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Yom Kippur War vet recalls battle, on eve of holiest holiday for Jews

The Jewish holiday involves 25 hours of fasting and deep prayer.

On the eve of the 45th anniversary of the Yom Kippur War on Tuesday, Jewish leaders and community members commemorated the fallen soldiers at the Museum of American Armor in Old Bethpage. (Credit: Newsday / Raychel Brightman)

Yuval Neria was on the front lines as a member of the Israeli military the day the Yom Kippur War broke out in October 1973 on the holiest day of the year on the Jewish calendar.

On Tuesday, as he spoke at the 45th commemoration of that war at the Museum of American Armor in Old Bethpage hours before the start of Yom Kippur at sunset, he said he was lucky to be alive.

“We were in the front line absorbing the” surprise attack by the Egyptian military at the Suez Canal, Neria said. By the end of the first day and night of battle, only one of 11 tanks in his battalion had survived, and some 67 soldiers out of 300 were dead.

The former captain stood before one of the actual tanks from the battle — an M-48 Patton that the museum acquired from an anonymous donor two years ago.

“It is very emotional for me to see and touch it,” said Neria, 66, a professor of medical psychology at Columbia University who also researches post-traumatic stress disorder among veterans, prisoners of war and terrorism victims.

Yom Kippur, also known as the Day of Atonement, involves 25 hours of fasting and deep prayer for observant Jews, with a focus on how they can improve their relations with others.

The holy day, which ends Wednesday an hour after sunset, is the culmination of the High Holy Days, which began with Rosh Hashanah, the Jewish New Year, at sunset on Sept. 9.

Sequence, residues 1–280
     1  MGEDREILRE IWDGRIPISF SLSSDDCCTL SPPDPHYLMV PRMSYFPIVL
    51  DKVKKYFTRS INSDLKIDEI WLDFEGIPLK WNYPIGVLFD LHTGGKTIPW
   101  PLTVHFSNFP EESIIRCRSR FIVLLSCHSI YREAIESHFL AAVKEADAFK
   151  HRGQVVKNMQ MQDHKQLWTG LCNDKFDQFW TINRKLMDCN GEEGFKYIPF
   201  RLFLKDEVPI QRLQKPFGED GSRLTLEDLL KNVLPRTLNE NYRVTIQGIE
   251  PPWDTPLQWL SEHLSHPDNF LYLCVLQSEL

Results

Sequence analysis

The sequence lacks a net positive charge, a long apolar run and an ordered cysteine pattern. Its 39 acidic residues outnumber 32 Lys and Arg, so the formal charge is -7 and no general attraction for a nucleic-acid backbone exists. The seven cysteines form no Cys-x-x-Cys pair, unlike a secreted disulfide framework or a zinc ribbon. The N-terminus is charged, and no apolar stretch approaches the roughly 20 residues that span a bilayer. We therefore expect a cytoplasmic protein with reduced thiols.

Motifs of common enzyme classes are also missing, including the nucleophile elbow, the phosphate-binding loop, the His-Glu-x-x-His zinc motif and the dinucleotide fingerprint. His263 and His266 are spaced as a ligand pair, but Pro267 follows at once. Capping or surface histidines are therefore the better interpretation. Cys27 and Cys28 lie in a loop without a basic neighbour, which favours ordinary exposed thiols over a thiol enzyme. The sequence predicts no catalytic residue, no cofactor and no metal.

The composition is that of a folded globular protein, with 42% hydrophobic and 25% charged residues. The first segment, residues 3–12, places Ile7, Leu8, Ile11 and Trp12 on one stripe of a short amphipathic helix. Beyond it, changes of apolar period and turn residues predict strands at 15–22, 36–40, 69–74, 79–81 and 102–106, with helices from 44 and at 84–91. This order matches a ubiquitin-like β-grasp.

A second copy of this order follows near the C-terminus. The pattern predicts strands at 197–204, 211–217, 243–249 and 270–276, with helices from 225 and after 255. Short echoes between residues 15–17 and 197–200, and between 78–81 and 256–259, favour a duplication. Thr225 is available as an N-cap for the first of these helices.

The Yom Kippur War stunned Israel and much of the world on Oct. 6, 1973, when Egyptian and Syrian forces attacked Israel to try to regain land — mainly the Sinai Peninsula and Golan Heights — that Israel had taken in the Six-Day War of 1967.

The Egyptians crossed the Suez Canal and took control of the Sinai Peninsula, pummeling troops, including some that Neria commanded. At the same time the Syrians took control of the Golan Heights.

Neria, a captain who was awarded Israel’s highest decoration for combat bravery, the Medal of Valor, said he narrowly missed being killed the first day. He was one of five officers on a tank but left to get on another vehicle. The tank he left was attacked and the other four officers died.

Eventually Israel counterattacked against Egypt and Syria, and took back the Golan Heights and the Sinai Peninsula. A cease-fire was negotiated on Oct. 25.

Neria survived 12 days of the war until he was seriously wounded and evacuated to a hospital in Tel Aviv.

Speakers at the commemoration said Neria’s story and the museum itself are reminders that, while war is a nightmare, strong militaries are needed to protect democracy.

The museum “is not here to glorify combat,” said Lawrence Kadish, its president. But “democracy, freedom and liberty come with a price.”

Nassau County Executive Laura Curran said the tank and Neria’s story were “a very dramatic and compelling reminder that our democracy can be very fragile, any democracy, here or abroad.”

Neria and his comrades “went into combat understanding that their nation’s very survival was at stake,” she said. “If they failed, the still-young state of Israel would be gone.”

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